Branches remain the industry’s largest operating cost item, even before considering the new costs for facility cleaning and additional health safety measures. The catch is that, with few exceptions, banks of all sizes still count heavily on branches to anchor their new customer acquisition strategy and product sales. Retention could also become an issue. Bank customers are usually loyal to their primary bank, except when facing major life events like job changes, moves and personal relationship changes: changes we might expect from the pandemic.
So how can banks make digital acquisition work more effectively? Start by raising your expectations. Digital channels have been a great driver of service, but until recently, they’ve been an afterthought for attracting business at most banks. Now it’s time to use them to find the high-value customers your bank needs.
To do that, you’ll need to understand the drivers that matter on an individual level. Digital-only channels are now mature enough for banks to understand the variables beyond deposit rate—such as product type, convenience and brand—that can improve deposit quality. For some, the driver may be service quality. For others (even customers who are price-insensitive in other areas), it may be promotional pricing.
Instead of trying to create a virtual copy of the branch network you and your customers have known for years, ask: What new opportunities does digital-only distribution offer that we can’t access in our current model?
As we emerge from the immediate crisis, bankers will need to evaluate more combinations of risk than they’ve seen before. How banks respond to customers could be pivotal in determining how their brand is perceived for years to come.
Banks should use their data to identify which customers are better-positioned to ride out the crisis, and which will need more active management and outreach. Then they should tailor their efforts based on those characteristics. For example, you might reach out to customers facing temporary financial strain with customized solutions such as interest deferrals, new credit lines and fee waivers. You’ll want to use a clear set of objective criteria to drive fairness and avoid any perception of discriminatory behavior. Where possible, focus on preserving client relationships over near-term revenues.
In the wake of the pandemic, there’s an even greater need for flexible data tools. Banks will likely expand the way they evaluate credit risk, potentially leaving them and their customers better off as a result. Banks can learn lessons from FinTechs, some of which can independently verify borrower information, help meet know-your-customer and anti-money laundering requirements and access payroll records.
There are opportunities to improve credit risk models to include real-time tracking of attributes and more sophisticated segmentation to help manage risk by household, industry and geographic vulnerability. Some banks may even want to layer in other criteria by population segment—in this case, COVID-19 data.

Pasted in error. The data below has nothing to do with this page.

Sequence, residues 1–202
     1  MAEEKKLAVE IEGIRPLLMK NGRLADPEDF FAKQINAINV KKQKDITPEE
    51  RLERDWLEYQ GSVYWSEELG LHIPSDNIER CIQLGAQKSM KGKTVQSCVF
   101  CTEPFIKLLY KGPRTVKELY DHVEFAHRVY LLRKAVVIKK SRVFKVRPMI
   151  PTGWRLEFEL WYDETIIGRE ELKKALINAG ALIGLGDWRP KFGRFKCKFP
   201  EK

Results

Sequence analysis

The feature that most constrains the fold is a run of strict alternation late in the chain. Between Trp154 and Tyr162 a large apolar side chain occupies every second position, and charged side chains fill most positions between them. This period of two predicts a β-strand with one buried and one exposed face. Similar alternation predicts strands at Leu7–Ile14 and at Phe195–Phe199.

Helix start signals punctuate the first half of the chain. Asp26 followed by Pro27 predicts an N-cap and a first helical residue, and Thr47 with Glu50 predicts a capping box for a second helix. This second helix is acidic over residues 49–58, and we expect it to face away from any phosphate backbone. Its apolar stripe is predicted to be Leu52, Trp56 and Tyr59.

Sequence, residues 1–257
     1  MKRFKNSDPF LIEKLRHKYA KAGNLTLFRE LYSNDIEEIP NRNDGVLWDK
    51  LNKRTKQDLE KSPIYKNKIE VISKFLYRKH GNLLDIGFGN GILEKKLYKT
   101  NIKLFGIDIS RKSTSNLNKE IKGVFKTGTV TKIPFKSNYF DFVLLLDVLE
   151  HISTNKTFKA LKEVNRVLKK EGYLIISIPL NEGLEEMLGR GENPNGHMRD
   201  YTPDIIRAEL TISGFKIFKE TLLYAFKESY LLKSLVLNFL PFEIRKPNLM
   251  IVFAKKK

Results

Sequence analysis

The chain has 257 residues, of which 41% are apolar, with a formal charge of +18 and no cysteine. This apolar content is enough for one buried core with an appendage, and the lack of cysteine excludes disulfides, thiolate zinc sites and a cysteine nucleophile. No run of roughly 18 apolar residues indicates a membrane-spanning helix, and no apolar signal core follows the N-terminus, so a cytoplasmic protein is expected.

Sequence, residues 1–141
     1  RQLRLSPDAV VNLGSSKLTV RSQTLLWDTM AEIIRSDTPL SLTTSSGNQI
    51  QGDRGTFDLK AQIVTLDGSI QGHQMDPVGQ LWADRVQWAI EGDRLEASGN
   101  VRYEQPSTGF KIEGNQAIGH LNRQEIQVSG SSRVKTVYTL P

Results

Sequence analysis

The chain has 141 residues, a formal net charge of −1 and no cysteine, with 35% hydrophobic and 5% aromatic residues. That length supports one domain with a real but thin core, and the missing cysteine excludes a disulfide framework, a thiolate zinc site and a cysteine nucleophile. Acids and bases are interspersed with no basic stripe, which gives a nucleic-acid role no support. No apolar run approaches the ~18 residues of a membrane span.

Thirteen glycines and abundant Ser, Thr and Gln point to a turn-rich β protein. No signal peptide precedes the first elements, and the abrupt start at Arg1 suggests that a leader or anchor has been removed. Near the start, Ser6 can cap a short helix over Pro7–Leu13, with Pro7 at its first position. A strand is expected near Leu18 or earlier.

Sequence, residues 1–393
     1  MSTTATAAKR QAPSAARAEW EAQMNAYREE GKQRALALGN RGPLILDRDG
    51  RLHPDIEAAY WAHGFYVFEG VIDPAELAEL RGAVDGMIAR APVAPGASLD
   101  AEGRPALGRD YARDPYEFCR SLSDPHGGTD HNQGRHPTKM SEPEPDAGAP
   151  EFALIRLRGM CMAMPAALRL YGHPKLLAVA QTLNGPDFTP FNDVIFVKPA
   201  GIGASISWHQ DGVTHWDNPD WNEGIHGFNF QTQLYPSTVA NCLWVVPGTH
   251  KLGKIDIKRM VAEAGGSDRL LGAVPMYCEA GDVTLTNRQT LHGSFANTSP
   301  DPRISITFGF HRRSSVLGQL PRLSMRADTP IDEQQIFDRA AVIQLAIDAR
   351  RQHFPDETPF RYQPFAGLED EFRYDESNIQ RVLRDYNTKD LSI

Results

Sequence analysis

During the pandemic and beyond, it makes sense to have targeted treatments for different client segments—again, using objective criteria, with appropriate input from legal and compliance teams. Consider using a centralized team, as the relevant client relationships could span multiple business units. Without such a team, it may not be clear who has ultimate responsibility: the risk organization, the product P&L owner(s), an operations group or some other unit.
Most bankers have known for a while that their risk management tools weren’t nimble enough to adapt to overnight changes in circumstances. We recommend digitizing processes and creating monitoring dashboards—but we also explicitly recommend against treating this as merely a technology exercise, as the tools themselves are secondary.
Now, as you prepare to emerge from the crisis, start with the fundamentals:
With an end-to-end view of risk processes, you should have more accountability and better decision-making. You’ll also be more likely to see savings from reducing duplicative activity, eliminating manual testing efforts and limiting errors that must be researched and corrected.
With all the urgent priorities right now, your team may not put “purpose” high on the list. But emphasizing your organization’s purpose may be one of the best ways to rally the team for the hard work ahead.
As tough as the crisis has been, employees have risen to the occasion at many banks, demonstrating the behaviors CEOs and CHROs hope for, but don’t always see. Employees broke down silos and took initiative, ownership and accountability. And they made and executed decisions quickly.
Distill the root causes behind these elusive behaviors and why they occurred so widely and organically during the crisis. Then take steps to make these behaviors stick, help managers continue to reinforce them and update processes that can help sustain them.
It’s also essential to articulate how your organization’s purpose, mission and values connect to business outcomes, and how they can help society at large by achieving those outcomes. When the effort is genuine, it can help your employees recommit to the organization by understanding its higher purpose.
Along with getting employees back to the workplace safely, some banks are considering a permanent hybrid working-from-home (WFH) model, with most employees working from home at least some of the time.
Remote work has implications for teaming, technology and tools and productivity. Be sure to implement collaboration tools that fit your culture, so you can help employees work as effectively as they did before the crisis—or even more so. You’ll also want to find ways to foster a sense of community in a remote working model across all of your facilities, and you’ll want to help your managers learn a new style of leadership. None of this will happen by chance. You will need to intentionally redefine the way you work.
The bank of the future will likely need workers with different skills, and that could require new approaches to recruiting, training and retention. The number of full-time employees will likely decline, as companies across the board try to make workforce planning more agile. The share of “contingent workers”, managed services and outsourcing arrangements will also likely increase. And more employees may opt for part-time work as they seek flexibility.
Talent acquisition will likely move toward virtual interviews and onboarding programs. That could be followed by changes to your learning and development processes. Remote work means that measuring productivity and managing performance will likely change as well. In this environment, managers will need to shift toward managing for outcomes rather than by face-time in the office.
Leaders need to reenvision the way they acquire and manage labor—not just to get work done, but to create a workforce that is more fulfilled, more effective and more resilient than the teams they have today.